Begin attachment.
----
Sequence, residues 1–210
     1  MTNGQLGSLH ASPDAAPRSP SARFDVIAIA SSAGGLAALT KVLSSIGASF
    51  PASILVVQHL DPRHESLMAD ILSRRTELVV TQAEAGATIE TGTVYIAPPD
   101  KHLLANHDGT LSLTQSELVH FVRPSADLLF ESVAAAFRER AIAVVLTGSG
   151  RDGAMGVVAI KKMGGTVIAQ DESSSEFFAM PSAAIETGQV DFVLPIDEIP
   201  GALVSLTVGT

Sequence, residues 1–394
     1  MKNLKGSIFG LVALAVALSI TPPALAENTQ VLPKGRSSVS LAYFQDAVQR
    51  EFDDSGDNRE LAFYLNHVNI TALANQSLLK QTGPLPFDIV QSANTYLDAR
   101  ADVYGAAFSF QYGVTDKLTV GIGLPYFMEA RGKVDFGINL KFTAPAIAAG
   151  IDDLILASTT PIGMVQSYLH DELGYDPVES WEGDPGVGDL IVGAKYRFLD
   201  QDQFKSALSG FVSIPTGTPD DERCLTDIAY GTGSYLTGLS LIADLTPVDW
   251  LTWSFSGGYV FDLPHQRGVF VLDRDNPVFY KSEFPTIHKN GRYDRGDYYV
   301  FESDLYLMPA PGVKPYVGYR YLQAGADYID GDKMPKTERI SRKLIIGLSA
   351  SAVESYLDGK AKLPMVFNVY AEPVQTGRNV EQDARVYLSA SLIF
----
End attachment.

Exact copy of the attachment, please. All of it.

Sequence, residues 1–210
     1  MTNGQLGSLH ASPDAAPRSP SARFDVIAIA SSAGGLAALT KVLSSIGASF
    51  PASILVVQHL DPRHESLMAD ILSRRTELVV TQAEAGATIE TGTVYIAPPD
   101  KHLLANHDGT LSLTQSELVH FVRPSADLLF ESVAAAFRER AIAVVLTGSG
   151  RDGAMGVVAI KKMGGTVIAQ DESSSEFFAM PSAAIETGQV DFVLPIDEIP
   201  GALVSLTVGT

Sequence, residues 1–394
     1  MKNLKGSIFG LVALAVALSI TPPALAENTQ VLPKGRSSVS LAYFQDAVQR
    51  EFDDSGDNRE LAFYLNHVNI TALANQSLLK QTGPLPFDIV QSANTYLDAR
   101  ADVYGAAFSF QYGVTDKLTV GIGLPYFMEA RGKVDFGINL KFTAPAIAAG
   151  IDDLILASTT PIGMVQSYLH DELGYDPVES WEGDPGVGDL IVGAKYRFLD
   201  QDQFKSALSG FVSIPTGTPD DERCLTDIAY GTGSYLTGLS LIADLTPVDW
   251  LTWSFSGGYV FDLPHQRGVF VLDRDNPVFY KSEFPTIHKN GRYDRGDYYV
   301  FESDLYLMPA PGVKPYVGYR YLQAGADYID GDKMPKTERI SRKLIIGLSA
   351  SAVESYLDGK AKLPMVFNVY AEPVQTGRNV EQDARVYLSA SLIF